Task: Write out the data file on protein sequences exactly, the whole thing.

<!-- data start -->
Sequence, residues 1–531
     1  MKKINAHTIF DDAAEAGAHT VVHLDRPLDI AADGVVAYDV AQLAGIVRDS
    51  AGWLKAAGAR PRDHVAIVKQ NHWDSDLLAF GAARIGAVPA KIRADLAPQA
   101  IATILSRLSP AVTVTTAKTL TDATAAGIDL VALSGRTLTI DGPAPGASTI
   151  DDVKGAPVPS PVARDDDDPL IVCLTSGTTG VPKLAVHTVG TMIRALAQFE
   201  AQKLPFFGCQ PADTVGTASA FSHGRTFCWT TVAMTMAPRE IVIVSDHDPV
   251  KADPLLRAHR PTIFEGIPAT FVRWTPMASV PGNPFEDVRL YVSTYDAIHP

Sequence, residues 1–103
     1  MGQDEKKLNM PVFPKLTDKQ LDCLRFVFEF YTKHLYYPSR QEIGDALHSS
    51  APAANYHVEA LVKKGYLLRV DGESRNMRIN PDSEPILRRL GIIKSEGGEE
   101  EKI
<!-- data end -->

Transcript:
Sequence, residues 1–531
     1  MKKINAHTIF DDAAEAGAHT VVHLDRPLDI AADGVVAYDV AQLAGIVRDS
    51  AGWLKAAGAR PRDHVAIVKQ NHWDSDLLAF GAARIGAVPA KIRADLAPQA
   101  IATILSRLSP AVTVTTAKTL TDATAAGIDL VALSGRTLTI DGPAPGASTI
   151  DDVKGAPVPS PVARDDDDPL IVCLTSGTTG VPKLAVHTVG TMIRALAQFE
   201  AQKLPFFGCQ PADTVGTASA FSHGRTFCWT TVAMTMAPRE IVIVSDHDPV
   251  KADPLLRAHR PTIFEGIPAT FVRWTPMASV PGNPFEDVRL YVSTYDAIHP

Sequence, residues 1–103
     1  MGQDEKKLNM PVFPKLTDKQ LDCLRFVFEF YTKHLYYPSR QEIGDALHSS
    51  APAANYHVEA LVKKGYLLRV DGESRNMRIN PDSEPILRRL GIIKSEGGEE
   101  EKI